From the few that have been documented in any public fashion, these dogs tend to look more like Boxers in their general build and hair, keeping the short to medium length, denser coats of the Boxer while gaining the waterproof element of the Husky. They range in size from 18 to 25 inches tall at the withers and generally average around 50 pounds in weight, although they have shown variance down to 35 and up to over 70. They can have a wide variety of facial looks, from the dark bold eyes of the Boxer to the piercing blue eyes of the Husky. Their ears may be half-cocked, folded, or fully upright and their facial hair length can also vary as much as their coat. Their coats themselves can also range in both length and color and can be nearly any combination of black, white, gray, fawn, and brown.
Eye Color Possibilities
blue Husker eyes
Blue
brown Husker eyes
Brown
Nose Color Possibilities
black Husker nose
Black
Coat Color Possibilities
fawn Husker coat
Fawn
brown Husker coat
Brown
white Husker coat
White
gray Husker coat
Gray
black Husker coat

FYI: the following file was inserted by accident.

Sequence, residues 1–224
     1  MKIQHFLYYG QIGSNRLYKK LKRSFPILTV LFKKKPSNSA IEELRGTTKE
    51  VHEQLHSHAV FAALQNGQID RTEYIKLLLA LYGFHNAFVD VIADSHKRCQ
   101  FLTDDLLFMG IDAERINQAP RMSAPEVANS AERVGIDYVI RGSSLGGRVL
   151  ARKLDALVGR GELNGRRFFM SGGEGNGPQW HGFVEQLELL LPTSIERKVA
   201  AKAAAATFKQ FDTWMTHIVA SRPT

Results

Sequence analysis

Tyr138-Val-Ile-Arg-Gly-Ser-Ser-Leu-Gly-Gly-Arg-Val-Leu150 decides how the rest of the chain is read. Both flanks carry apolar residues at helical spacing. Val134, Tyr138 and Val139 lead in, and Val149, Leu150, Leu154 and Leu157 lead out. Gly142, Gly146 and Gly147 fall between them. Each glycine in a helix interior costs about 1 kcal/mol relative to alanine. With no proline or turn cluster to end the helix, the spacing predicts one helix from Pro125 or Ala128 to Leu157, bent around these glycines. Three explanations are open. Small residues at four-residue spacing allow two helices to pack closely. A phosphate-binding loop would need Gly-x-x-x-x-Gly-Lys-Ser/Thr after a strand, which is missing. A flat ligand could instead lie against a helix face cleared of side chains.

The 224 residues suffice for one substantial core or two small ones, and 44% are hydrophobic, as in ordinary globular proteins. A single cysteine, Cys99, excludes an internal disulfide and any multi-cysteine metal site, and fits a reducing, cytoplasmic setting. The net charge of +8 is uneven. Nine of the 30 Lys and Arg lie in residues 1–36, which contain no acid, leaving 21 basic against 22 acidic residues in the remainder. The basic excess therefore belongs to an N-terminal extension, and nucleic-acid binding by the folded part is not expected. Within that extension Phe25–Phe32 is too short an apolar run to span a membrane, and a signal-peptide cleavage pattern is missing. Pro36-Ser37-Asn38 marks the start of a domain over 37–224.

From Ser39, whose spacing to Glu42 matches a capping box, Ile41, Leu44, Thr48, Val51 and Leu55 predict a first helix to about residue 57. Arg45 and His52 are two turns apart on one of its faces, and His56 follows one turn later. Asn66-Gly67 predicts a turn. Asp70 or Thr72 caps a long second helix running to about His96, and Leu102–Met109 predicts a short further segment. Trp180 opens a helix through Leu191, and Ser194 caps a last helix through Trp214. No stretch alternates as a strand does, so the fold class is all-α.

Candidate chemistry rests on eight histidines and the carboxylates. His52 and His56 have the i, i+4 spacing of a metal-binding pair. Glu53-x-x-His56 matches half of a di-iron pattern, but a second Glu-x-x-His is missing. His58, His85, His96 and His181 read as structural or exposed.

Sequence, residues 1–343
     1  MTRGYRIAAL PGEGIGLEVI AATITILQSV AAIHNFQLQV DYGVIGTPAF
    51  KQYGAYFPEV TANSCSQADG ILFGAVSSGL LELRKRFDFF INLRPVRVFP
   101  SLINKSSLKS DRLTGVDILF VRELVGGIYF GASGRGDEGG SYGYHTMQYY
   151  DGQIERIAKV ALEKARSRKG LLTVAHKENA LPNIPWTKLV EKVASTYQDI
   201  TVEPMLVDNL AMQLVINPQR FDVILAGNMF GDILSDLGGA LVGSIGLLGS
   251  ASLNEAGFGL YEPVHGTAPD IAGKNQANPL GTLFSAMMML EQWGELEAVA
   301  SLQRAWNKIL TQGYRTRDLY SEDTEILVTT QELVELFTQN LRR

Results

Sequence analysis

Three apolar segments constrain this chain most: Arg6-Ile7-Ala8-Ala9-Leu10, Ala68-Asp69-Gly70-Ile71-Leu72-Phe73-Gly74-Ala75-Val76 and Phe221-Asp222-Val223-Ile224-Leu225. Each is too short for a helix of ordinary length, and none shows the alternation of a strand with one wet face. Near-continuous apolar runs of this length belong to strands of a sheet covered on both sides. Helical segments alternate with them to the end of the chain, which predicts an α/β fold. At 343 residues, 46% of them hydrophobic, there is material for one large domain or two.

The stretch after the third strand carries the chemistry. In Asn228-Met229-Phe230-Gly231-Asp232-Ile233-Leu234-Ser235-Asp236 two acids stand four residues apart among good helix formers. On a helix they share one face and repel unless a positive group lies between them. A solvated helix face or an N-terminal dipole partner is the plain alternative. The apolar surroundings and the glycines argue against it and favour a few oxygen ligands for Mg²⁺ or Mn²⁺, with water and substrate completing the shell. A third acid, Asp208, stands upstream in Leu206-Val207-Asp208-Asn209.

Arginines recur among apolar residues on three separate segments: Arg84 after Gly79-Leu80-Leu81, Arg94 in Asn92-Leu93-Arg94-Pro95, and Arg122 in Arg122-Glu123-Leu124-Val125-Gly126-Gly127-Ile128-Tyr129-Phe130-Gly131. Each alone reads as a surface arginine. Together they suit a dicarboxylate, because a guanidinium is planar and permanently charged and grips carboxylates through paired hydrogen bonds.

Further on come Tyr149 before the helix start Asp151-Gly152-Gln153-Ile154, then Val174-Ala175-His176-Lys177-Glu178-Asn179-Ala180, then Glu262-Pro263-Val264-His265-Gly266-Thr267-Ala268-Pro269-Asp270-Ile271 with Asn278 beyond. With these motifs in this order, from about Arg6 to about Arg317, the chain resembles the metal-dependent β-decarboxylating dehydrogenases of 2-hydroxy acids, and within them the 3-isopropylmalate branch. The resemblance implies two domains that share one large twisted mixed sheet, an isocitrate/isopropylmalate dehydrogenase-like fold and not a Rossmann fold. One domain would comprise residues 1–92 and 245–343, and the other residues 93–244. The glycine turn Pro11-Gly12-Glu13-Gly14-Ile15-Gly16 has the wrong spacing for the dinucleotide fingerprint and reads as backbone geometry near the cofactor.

Black
Coat Length
Short Medium Long
Coat Density
Sparse Normal Dense
Coat Texture
Husker straight coat texture
Straight Wiry Wavy Curly Corded

Husker Breed Maintenance

While they don't need much overall maintenance, their coat alone can make them a daily chore. Depending on what type of coat they get, they can be average to heavy shedders and may need daily brushing with a rubber or slicker brush to take care of most of the loose hair, but may also need a deshedder, especially during high shedding seasons and coat blowouts. If they end up with folded or half-cocked ears, they will need to be checked regularly for excess  moisture buildup that may cause ear infections, but fully pricked ears will seldom have issues. Their nails should be monitored and trimmed to prevent cracking and breaking and their teeth should also be brushed on a regular basis, at least once a week, to help maintain good oral health.